11. Perfect 10, Inc. v. Visa Int’l Serv. Ass’n, 494 F.3d 788, 795 (9th Cir. 2007). []
  12. 1 Niel Boorstyn, Boorstyn On Copyright § 10.06[2], at 10-21 (1994). []
  13. Perfect 10, 494 F.3d at 795; it should be noted too that contributory infringement requires direct infringement to have occurred before liability attaches; see 1 Goldstein, Copyright: Principles, Law and Practice § 6.1, at 705 (1989) (“It is definitional that, for a defendant to be held contributorily . . . liable, a direct infringement must have occurred.”). []
  14. Metro-Goldwyn-Mayer Studios Inc. v. Grokster, Ltd., 545 U.S. 913 (2005) (the Court held that “one who distributes a device with the object of promoting its use to infringe copyright, as shown by clear expression or other affirmative steps taken to foster infringement, is liable for the resulting acts of infringement by third parties.”). []
  15. A&M Records, Inc. v. Napster, Inc., 239 F.3d 1004, 1020 (9th Cir. 2001). []
  16. See, e.g., Sony Corp. of Am. v. Universal City Studios, Inc., 464 U.S. 417, 436 (1984). []
  17. Napster, 239 F.3d at 1021. []
  18. Louis Vuitton Malletier, S.A. v. Akanoc Solutions, Inc., 658 F.3d 936, 943 (9th Cir. 2011). []
  19. Grokster, 545 U.S. at 934-35. []
  20. DeVoto v. Pac. Fid. Life Ins. Co., 618 F.2d 1340, 1347 (9th Cir. 1980); see also Restatement (Second) of Torts § 8A (1965) (“All consequences which the actor desires to bring about are intended, as the word is used in this Restatement. Intent is not, however, limited to consequences which are desired. If the actor knows that the consequences are certain, or substantially certain, to result from his act, and still goes ahead, he is treated by the law as if he had in fact desired to produce the result.”). []
  21. Perfect 10, Inc. v., Inc., 508 F.3d 1146, 1172 (9th Cir. 2007). []
  22. Louis Vuitton, 658 F.3d at 943 (internal quotations omitted). []
  23. Id. (internal quotations omitted). []
  24. Perfect 10, 494 F.3d at 797. []
  25. Napster, 239 F.3d at 1021. []
  26. Id. at 1022. []
  27. Id. []
  28. Perfect 10, 508 F.3d at 1172 (internal quotations and citations omitted). []
  29. Id. []

A case involving hip-hop producer Timothy Mosley (aka Timbaland), chiptunes, and alleged unauthorized sampling has drawn to a close.

On Friday, the Eleventh Circuit affirmed a lower court’s decision that resolved the case in favor of Mosley. If you’re expecting a discussion of copyright and its intersection with the practice of digital sampling, you can stop reading now. The litigation here ended up being resolved on more dry matters.

I had previously written about Kernel Records Oy v Mosley, including the district court’s judgment in favor of Mosley and Kernel Record’s appeal. To reiterate, AcidJazzed Evening is a “chiptune” style track originally composed by Janne Suni. The track was remixed with permission by Norwegian Glenn Rune Gallefoss and first released via an Australian “disk magazine” in August 2002.

In 2006, pop artist Nelly Furtado released her album Loose. One of the tracks, “Do It”, produced by Mosley, was alleged to contain elements from the Gallefoss version of AcidJazzed Evening. Gallefoss subsequently transferred his rights to Kernel Records, and litigation ensued.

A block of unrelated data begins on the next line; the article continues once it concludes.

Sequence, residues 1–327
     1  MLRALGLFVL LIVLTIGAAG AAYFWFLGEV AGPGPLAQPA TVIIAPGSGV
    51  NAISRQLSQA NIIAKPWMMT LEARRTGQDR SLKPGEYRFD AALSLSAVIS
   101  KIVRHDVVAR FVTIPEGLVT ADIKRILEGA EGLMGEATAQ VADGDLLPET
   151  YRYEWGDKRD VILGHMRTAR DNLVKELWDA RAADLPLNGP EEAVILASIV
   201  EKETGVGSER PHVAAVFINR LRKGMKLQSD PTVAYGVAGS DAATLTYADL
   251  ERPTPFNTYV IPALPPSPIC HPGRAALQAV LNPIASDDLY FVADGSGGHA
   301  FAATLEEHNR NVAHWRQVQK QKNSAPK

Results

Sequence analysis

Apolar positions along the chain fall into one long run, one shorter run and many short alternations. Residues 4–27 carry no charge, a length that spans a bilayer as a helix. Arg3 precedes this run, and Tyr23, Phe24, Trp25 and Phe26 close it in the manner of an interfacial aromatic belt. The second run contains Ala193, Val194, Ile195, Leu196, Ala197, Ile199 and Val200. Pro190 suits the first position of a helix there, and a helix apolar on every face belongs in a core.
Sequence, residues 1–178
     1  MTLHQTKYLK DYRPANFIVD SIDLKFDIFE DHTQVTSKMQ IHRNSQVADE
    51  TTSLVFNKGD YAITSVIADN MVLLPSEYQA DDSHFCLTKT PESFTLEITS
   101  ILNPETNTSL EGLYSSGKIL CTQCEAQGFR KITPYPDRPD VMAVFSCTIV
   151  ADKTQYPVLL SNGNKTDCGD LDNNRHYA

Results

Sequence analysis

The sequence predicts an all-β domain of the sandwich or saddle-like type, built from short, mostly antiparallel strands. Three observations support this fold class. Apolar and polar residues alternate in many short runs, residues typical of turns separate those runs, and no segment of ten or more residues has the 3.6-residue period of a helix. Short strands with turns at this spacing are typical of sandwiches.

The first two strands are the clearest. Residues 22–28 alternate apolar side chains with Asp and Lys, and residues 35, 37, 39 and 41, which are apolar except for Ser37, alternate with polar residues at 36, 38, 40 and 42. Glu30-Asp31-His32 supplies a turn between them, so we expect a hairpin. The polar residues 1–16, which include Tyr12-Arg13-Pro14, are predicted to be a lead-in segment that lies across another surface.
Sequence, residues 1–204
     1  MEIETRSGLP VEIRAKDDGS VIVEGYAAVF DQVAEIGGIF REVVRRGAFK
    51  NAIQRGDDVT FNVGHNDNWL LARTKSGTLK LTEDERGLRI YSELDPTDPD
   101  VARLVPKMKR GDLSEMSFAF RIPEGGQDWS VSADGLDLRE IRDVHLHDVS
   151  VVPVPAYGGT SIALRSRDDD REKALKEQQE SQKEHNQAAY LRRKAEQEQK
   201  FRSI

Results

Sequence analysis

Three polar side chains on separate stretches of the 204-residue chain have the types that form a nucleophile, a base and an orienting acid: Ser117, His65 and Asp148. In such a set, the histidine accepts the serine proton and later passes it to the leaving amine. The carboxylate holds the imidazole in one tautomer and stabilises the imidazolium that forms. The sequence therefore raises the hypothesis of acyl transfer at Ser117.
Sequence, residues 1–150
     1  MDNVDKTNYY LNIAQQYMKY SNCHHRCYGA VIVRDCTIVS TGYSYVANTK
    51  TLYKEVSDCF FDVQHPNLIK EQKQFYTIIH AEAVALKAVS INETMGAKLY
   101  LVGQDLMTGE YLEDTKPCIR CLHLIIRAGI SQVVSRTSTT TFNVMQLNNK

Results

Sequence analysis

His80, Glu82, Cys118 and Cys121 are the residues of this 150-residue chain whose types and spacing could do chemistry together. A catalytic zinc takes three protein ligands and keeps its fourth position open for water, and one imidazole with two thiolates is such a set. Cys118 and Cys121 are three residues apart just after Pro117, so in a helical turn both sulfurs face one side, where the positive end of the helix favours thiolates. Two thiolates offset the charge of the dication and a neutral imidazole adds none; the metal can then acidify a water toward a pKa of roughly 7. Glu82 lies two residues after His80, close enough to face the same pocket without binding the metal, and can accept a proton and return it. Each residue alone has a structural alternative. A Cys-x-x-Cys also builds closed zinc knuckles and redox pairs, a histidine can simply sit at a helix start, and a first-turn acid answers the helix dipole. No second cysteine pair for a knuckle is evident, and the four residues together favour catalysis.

Kernel Records had not registered its copyright prior to bringing suit in the US. Mosley moved for summary judgment on this point, and in 2011, a Florida district court granted the motion, holding that AcidJazzed Evening was a “United States work” under the US Copyright Act and must be registered before bringing a copyright infringement suit. Kernel appealed.

Copyright Registration and Country of Origin

Since the first US Copyright Act, and for nearly 200 years afterward, creators were required to register their works to receive copyright protection. This requirement was done away with in the 1976 Copyright Act. Since then, copyright protection vests automatically once a work is put into fixed form — on paper, on tape, or saved to a digital file. The US, however, has retained a voluntary registration system that provides certain benefits to authors. One in particular is especially important to US authors: a US author cannot sue for infringement before registering her work.1

The move from mandatory to voluntary registration happened for several reasons, one of which was to bring US law into accordance with the Berne Convention, which the US entered in 1988. The Convention provides minimum standards of copyright protection for creators of member parties in other member parties. One of these standards is that “enjoyment and the exercise of these rights shall not be subject to any formality.”2 Thus, under the Convention, the US may require registration before a lawsuit is filed for US authors, but not for foreign authors.

Since this registration requirement hinges on the distinction between a US work and a foreign work, things get tricky when a work is published at the same time in the US and a foreign country. What is the country of origin in that situation?

The Berne Convention provides that “The country of origin shall be considered to be: … in the case of works published simultaneously in several countries of the Union which grant different terms of protection, the country whose legislation grants the shortest term of protection” and “in the case of works published simultaneously in a country outside the Union and in a country of the Union, the latter country.”3

The US Copyright Act, consistent with these provisions, states:

For purposes of section 411, a work is a “United States work” only if—

(1) in the case of a published work, the work is first published—